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Going back for a university reunion: emotional intelligence, group work & learning to relate more deeply (3rd post)

"God guard me from those thoughts men think in the mind alone; he that sings a lasting song, thinks in a marrow bone."     W. B. Yeats

"We camouflage our true being before others to protect ourselves against criticism or rejection.  This protection comes at a steep price.  When we are not truly known by the other people in our lives, we are misunderstood.  When we are misunderstood, especially by family and friends, we join the 'lonely crowd.'  Worse, when we succeed in hiding our being from others, we tend to lose touch with our real selves.  This loss of self contributes to illness in its myriad forms."         Sidney Jourard

Leeds BABCP conference: workshop on emotion processing in chronic fatigue syndrome - new ways to improve outcomes? (4th post)

I wrote yesterday on stress, abuse & mind-body links that might be relevant for some chronic fatigue syndrome sufferers. There is a good deal of research too on other - possibly linked - vulnerability factors that may predispose some people to later development of fatigue problems - including a number of studies on unhelpful levels/types of perfectionism.

Leeds BABCP conference: workshop on emotion processing in chronic fatigue syndrome - current CBT treatment results (2nd post)

In yesterday's post, I described the pre-workshop publicity for this day on treatment of chronic fatigue syndrome.  How did I find the workshop in actual practice? Well, I enjoyed meeting Trudie Chalder. She came across as very alive, friendly, bright, knowledgeable. Great.  And her two decades or so of dedicated exploration of Chronic Fatigue Syndrome is so impressive ... one of those research journeys that I find it heart-warming to look at.  For me the workshop itself was a bit of a funny mix. In the morning session we were given an overview/update on chronic fatigue syndrome and its standard CBT treatment.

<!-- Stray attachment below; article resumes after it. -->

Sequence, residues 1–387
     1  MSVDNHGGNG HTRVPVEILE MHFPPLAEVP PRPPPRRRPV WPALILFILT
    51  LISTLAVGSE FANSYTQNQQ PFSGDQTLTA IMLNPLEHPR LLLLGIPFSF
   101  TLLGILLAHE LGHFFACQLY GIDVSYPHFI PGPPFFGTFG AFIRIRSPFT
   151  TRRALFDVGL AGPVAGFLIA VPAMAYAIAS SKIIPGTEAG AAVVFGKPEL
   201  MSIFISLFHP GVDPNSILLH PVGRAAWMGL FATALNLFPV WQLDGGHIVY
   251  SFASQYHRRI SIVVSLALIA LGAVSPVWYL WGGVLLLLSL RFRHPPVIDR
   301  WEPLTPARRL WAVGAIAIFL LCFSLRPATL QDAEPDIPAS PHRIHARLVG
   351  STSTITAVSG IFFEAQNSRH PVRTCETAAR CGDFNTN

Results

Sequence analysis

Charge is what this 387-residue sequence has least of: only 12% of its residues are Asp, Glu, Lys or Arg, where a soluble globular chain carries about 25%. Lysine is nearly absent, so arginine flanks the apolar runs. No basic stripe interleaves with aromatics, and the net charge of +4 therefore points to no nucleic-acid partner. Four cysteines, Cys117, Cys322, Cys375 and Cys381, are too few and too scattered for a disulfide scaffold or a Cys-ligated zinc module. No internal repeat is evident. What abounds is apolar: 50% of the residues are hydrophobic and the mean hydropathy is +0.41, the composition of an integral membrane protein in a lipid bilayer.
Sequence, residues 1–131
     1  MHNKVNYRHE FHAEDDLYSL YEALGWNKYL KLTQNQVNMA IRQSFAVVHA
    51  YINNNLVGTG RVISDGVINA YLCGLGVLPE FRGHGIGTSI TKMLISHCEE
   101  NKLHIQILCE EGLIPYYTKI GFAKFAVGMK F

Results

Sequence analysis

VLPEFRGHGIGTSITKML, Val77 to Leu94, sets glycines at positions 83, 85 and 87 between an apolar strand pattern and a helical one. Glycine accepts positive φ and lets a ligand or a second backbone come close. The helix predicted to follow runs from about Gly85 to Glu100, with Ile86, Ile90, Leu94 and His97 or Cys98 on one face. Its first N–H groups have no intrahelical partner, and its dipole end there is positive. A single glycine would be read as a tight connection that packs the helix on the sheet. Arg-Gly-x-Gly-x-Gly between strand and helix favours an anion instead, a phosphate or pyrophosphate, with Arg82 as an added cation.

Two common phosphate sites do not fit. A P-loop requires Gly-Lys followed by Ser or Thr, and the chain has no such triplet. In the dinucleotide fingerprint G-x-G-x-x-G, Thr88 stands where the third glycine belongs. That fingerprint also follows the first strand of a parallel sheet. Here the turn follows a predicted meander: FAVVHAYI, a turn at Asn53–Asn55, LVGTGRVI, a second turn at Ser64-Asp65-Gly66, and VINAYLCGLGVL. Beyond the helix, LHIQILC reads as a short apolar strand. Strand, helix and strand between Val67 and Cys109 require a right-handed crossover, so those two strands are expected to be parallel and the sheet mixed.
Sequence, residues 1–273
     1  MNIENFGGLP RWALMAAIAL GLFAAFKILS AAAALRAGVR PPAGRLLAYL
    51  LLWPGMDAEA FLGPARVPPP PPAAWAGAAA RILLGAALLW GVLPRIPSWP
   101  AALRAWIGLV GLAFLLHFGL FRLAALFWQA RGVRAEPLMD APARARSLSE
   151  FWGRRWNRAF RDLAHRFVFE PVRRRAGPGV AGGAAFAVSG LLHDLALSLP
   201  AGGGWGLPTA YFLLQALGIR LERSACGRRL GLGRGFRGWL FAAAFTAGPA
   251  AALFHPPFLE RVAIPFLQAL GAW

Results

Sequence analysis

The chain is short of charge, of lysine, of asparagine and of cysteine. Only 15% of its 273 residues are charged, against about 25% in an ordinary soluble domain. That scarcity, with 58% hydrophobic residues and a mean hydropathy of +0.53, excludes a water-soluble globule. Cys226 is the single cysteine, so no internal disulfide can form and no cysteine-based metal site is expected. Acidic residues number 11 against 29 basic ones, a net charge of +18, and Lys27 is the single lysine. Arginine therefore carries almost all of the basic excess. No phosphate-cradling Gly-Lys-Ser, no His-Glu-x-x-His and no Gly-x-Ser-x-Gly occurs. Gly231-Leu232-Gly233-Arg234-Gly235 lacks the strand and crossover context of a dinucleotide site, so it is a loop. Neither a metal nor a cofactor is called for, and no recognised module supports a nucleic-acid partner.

Leeds BABCP conference: pre-conference workshop on emotion processing in chronic fatigue syndrome with Trudie Chalder (1st post)

The 40th British Association for Behavioural & Cognitive Psychotherapies (BABCP) conference is at Leeds University.  As usual it's preceded by a choice of pre-conference workshops. Three of the nineteen initially on offer have been cancelled, but there's still a wealth of options. I'm due to go to Trudie Chalder, from the London Institute of Psychiatry, speaking on "Emotional Processing in the Context of Chronic Fatigue Syndrome and Implications for Persistent Physical Symptoms in General".  The pre-workshop publicity states: "More than half of people with chronic fatigue syndrome (CFS) have co-morbid depression or anxiety.

The jazz trio metaphor: reworking the core conditions, relational depth, compassion & two kinds of empathy (1st post)

Working as a psychotherapist or counsellor, practising as a doctor, participating in interpersonal groupwork, and at the heart of relating deeply with another human being - I have internal reminders, charts, ways of helping myself be present in as constructive a way as I can.  One inner chart or internal reminder is the jazz trio metaphor.  A bit like a musician revisiting and making fresh again their playing of a well known classical work, the jazz trio metaphor takes another look at the key, so often explored territory of the therapeutic relationship - which overlaps to a huge extent with the more universal territory of how to be profoundly present in any deep relationship with another human being. 

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